The legal attack on the campaign funding laws was brought by conservative activists who hoped that the free flow of money from wealthy donors would boost Republican candidates. And since 2010, the GOP has achieved big gains in Congress and in state legislatures across the nation.

Conservatives also believe the attack on mandatory union fees has the potential to weaken the public sector unions that are strong supporters of the Democratic Party.

“This is a big deal,” Illinois’ Republican Gov. Bruce Rauner said in September on the day the Supreme Court said it would hear the lawsuit that he initiated. A court victory would be “transformative for the state of Illinois, transformative for America and the relationship between our taxpayers and the people who work for our taxpayers.”

Read the complete article here.

Market Update: Why Rising Wages Are Scaring the Hell Out of Stock Investors

From today’s Slate Magazine:

On Friday, the U.S. Department of Labor released a strong jobs report showing wages rising at their fastest rate since the Great Recession. Then, the stock market promptly began to plummet. The Dow Jones fell an amusingly on-the-nose 666 points—its worst day since the U.K.’s Brexit surprise. Global markets subsequently took a beating, and U.S. equities are still sliding as I write this today.

Why is good news for workers turning into bad news for shareholders? The answer is a useful illustration of why the stock market is often a poor guide to the overall health of the economy.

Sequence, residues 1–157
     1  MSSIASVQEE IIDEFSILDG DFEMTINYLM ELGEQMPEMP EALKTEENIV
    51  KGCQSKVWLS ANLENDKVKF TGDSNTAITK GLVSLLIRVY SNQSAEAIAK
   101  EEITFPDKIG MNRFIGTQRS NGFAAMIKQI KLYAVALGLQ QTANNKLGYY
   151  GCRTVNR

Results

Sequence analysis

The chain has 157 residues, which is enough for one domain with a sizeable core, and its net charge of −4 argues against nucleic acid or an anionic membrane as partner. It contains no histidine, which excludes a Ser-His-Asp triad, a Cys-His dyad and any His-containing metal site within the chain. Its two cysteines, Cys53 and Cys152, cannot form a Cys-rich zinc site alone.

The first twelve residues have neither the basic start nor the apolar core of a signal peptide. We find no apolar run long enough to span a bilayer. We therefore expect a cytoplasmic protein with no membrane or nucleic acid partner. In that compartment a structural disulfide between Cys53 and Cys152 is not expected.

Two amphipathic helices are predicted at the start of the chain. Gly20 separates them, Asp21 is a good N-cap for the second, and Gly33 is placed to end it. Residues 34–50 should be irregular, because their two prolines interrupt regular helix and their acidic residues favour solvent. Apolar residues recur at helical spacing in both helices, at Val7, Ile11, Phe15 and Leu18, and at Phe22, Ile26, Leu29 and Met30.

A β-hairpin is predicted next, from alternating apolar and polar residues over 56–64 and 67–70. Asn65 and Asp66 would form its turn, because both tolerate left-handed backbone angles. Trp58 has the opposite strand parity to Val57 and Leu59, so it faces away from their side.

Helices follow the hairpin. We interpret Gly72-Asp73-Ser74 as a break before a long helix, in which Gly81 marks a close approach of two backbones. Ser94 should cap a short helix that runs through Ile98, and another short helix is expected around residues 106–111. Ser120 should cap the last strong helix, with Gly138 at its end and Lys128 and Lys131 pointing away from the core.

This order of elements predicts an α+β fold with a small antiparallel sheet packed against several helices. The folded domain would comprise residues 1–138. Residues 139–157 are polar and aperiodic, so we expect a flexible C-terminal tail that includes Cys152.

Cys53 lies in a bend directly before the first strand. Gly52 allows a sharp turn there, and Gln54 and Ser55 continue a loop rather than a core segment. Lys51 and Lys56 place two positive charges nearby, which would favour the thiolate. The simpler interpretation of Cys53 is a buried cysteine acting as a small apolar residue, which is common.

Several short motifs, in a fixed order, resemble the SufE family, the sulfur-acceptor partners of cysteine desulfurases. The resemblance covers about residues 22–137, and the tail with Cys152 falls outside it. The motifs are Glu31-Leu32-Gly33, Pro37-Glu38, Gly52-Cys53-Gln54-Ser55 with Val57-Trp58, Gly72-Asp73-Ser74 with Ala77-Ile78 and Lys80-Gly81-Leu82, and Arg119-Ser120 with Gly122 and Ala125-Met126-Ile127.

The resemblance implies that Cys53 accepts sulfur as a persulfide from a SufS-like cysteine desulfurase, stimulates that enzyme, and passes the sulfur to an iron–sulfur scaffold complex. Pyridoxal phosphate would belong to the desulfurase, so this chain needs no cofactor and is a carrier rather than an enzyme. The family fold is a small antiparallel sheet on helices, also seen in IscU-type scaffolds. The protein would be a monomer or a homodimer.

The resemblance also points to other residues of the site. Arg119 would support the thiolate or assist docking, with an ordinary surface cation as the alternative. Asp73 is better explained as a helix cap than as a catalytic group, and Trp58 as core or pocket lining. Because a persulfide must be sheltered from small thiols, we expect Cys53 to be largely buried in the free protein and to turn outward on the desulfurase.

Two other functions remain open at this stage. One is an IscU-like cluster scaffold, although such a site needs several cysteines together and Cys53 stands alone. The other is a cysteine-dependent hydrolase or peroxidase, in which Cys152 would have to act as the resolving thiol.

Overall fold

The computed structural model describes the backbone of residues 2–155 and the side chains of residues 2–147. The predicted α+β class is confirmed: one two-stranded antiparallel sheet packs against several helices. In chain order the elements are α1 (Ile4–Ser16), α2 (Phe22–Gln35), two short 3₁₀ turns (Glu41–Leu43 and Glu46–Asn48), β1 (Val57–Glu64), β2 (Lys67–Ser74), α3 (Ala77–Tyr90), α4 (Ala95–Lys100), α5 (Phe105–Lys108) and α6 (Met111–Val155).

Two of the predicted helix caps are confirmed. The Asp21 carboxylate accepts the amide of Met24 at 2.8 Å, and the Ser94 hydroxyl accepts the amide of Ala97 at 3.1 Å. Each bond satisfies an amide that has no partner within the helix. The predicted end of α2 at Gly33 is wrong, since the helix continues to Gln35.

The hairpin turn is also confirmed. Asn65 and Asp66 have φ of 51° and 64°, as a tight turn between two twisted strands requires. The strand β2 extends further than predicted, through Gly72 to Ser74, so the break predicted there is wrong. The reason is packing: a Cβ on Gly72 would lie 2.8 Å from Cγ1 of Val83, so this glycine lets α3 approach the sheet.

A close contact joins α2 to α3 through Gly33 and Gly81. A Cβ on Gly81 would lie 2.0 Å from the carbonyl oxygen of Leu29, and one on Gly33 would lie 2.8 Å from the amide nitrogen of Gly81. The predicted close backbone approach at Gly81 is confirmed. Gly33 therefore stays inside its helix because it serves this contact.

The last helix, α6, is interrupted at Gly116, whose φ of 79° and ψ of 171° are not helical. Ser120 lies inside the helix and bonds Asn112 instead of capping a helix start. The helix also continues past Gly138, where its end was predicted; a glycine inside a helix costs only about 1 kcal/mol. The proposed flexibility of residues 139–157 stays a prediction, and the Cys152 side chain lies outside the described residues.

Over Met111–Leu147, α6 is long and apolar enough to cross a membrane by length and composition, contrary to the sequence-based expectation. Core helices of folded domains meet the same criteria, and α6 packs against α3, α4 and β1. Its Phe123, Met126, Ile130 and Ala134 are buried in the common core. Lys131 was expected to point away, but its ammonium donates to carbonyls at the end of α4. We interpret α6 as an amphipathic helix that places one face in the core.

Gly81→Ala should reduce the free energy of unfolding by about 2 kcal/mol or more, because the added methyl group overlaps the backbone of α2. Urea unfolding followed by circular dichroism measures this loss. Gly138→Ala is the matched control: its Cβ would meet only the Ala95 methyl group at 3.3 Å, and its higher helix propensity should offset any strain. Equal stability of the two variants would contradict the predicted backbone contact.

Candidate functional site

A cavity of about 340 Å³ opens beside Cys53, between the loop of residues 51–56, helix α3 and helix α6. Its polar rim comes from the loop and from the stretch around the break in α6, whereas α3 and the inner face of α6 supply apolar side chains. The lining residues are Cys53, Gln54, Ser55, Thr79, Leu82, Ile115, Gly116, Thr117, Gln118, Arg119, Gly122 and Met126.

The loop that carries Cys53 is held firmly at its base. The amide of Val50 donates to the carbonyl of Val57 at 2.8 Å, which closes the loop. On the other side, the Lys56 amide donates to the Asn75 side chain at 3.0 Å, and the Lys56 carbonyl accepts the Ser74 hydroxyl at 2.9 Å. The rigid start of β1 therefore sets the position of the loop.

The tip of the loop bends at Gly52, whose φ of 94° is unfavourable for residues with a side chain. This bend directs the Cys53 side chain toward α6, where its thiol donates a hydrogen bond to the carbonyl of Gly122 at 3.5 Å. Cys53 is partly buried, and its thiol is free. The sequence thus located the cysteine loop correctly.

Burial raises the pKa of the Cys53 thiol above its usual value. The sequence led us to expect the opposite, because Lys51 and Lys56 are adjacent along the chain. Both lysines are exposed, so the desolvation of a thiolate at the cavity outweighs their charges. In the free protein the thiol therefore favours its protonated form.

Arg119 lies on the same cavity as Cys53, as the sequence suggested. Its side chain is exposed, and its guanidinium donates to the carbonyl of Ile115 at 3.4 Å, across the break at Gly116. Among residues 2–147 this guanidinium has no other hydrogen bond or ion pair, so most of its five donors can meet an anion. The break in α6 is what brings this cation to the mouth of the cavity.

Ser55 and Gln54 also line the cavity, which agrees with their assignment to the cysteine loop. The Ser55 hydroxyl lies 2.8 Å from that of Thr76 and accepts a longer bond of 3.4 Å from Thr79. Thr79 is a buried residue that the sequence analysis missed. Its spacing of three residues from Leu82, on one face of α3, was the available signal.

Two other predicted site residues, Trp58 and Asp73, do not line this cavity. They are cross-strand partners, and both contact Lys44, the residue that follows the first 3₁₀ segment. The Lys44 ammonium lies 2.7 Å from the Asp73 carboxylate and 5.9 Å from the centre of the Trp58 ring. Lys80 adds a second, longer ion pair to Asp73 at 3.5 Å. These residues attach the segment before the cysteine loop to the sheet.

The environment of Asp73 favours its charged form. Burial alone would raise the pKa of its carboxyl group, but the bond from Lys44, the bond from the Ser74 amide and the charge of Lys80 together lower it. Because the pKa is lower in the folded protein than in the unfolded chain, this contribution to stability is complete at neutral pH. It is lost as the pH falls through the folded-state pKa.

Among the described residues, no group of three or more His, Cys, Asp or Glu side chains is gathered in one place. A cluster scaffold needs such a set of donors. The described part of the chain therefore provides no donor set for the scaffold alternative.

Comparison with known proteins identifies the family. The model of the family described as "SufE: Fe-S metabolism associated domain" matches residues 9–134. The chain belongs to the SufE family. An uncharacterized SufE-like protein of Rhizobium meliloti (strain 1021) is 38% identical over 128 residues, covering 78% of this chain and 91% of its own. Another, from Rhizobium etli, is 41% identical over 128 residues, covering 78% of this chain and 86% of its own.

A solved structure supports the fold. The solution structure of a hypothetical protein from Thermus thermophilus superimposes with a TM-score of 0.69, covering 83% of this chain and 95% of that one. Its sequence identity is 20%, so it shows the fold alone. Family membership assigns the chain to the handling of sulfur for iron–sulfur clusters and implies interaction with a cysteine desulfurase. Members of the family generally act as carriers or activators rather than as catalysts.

Right now, traders seem to be worried that if wages rise too fast, it will cause the Federal Reserve to hike interest rates in order to head off inflation down the road. When, earlier this year, the central bank suggested that it would raise rates, much of the market was skeptical, in part because inflation has been so subdued for so long. But faster pay gains for workers make it more likely the Fed will follow through, both because rising wages are a sign that the whole economy is heating up and because employers will eventually have to raise prices to keep up with the cost of labor.

Read the complete article here.

Amazon, JPMorgan, Berkshire Hathaway team up to lower healthcare costs for their workers — and maybe everyone

From today’s LA Times:

Three of the nation’s most formidable companies — Amazon.com, Berkshire Hathaway Inc. and JPMorgan Chase & Co. — sent shock waves through the healthcare industry Tuesday by announcing a joint plan to reduce healthcare costs for their U.S. employees.